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***catonano_ is now known as catonano
***sm2n_ is now known as sm2n
***rekado_ is now known as rekado
<rekado>hmm, I must be missing something. I put everything in a global guardian but sometimes it crashes and sometimes it doesn’t.
<rekado>according to gdb the crash happens when the library tries to copy the vector.
<leoprikler>maybe the library estimates a wrong size?
<stis>hey guilers!
<mwette>Ah, in the manual the copied string generated by string->pointer is freed when the pointer becomes unreachable. I think we need to change make-cstr-array to take an array of pointers and use (make-cstr-array/ptr (map string->pointer str-list))
<mwette>Well, (define spl (map string->pointer str-list)) (my-guardian spl) ...
<rekado>I’ve done that but it doesn’t seem to make a difference
<rekado>(I put everything in that global guardian: the pointers, the strings, the list of strings, the addresses, the bytevector itself)
<mwette>there are undocumented commands gc-enable and gc-disable, I just saw in the sources
<rekado>with gc-disable at the beginning of the file it does not crash, even when calling the C procedure 100 times
<rekado>it does crash when the file has just been modified and needs to be compiled
<rekado>but after auto-compilation: no crashes
<libfud>is there a generic string conversion function?
<libfud>like what's used by display?
<RhodiumToad>converting non-string values to strings, you mean?
<libfud>hey, I recognize you from #lua, you get around
<RhodiumToad>it looks like display is actually the primitive, and if you want a string representation of the result you wrap it using call-with-output-string
<libfud>ah, thanks
<RhodiumToad>using a string port like that is how (format #f ...) works for example
*RhodiumToad doesn't get around all that much, just has an interest in languages, especially embeddable ones
<libfud>I think it's actually with-output-to-string, but I could be doing this wrong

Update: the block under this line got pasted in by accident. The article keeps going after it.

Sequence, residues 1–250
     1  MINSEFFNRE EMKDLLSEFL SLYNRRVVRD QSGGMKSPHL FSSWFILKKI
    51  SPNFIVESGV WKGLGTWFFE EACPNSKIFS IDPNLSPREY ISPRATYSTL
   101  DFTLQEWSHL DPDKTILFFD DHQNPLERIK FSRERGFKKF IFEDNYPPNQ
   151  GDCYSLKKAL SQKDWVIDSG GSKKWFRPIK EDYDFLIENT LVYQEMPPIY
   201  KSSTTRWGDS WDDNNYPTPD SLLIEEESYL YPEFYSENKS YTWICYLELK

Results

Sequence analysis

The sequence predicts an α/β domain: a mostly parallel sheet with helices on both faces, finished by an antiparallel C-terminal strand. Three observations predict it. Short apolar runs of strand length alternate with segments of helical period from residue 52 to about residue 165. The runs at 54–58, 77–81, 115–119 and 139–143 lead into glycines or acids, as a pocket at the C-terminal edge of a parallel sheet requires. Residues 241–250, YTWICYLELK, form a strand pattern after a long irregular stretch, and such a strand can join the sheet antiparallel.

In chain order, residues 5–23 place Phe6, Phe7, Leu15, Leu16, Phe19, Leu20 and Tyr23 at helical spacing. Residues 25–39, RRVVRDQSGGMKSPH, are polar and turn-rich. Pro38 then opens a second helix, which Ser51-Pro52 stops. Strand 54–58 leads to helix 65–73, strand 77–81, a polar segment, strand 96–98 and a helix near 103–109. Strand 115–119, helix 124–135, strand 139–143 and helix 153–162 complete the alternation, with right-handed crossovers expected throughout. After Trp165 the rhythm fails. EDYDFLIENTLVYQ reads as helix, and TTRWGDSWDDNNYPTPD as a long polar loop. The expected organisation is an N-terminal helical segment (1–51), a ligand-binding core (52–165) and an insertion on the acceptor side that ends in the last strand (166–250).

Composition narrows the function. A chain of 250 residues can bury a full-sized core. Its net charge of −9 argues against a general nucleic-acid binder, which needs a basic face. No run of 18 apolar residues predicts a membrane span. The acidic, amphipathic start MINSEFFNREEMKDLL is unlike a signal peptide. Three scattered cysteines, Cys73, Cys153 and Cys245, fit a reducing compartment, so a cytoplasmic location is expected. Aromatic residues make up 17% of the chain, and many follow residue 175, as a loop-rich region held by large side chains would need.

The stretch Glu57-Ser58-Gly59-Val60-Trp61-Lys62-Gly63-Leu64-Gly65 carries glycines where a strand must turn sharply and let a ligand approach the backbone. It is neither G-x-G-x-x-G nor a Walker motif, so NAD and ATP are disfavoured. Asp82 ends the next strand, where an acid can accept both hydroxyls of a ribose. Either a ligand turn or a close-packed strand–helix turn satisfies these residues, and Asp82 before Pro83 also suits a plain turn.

<RhodiumToad>with srfi-26 you can do:
<RhodiumToad>(define (obj->string obj) (call-with-output-string (cut display obj <>)))
<RhodiumToad>which is equivalent to
<RhodiumToad>(define (obj->string obj) (call-with-output-string (lambda (port) (display obj port))))
<libfud>almost all of my use of scheme has been in the context of the REPL and doing pretty simple things
<RhodiumToad>with-output-to-string is similar, but has to use a dynamic context to change the default output port
<RhodiumToad>whereas call-with-output-string just passes the new string port to the function
<libfud>is there an "assert" function or macro defined in any of the srfi or ice modules?
<RhodiumToad>I didn't find one when I looked, so I did my own
<RhodiumToad>(define (assert-fail e) (error (format #f "Assertion failed: ~A" e)))
<RhodiumToad>(define-syntax-rule (assert e) (unless e (assert-fail (quote e))))
<libfud>ah, I didn't know about unless either
<RhodiumToad>~S might be better
<leoprikler>there should be a ->string
<libfud>that's what I had made
<RhodiumToad>oh, yes, looks like object->string exists
<leoprikler>okay, it's called object->string
<libfud>so it's just that the price of object->string is probably significantly higher than <type>->string
<RhodiumToad>object->string uses write by default rather than display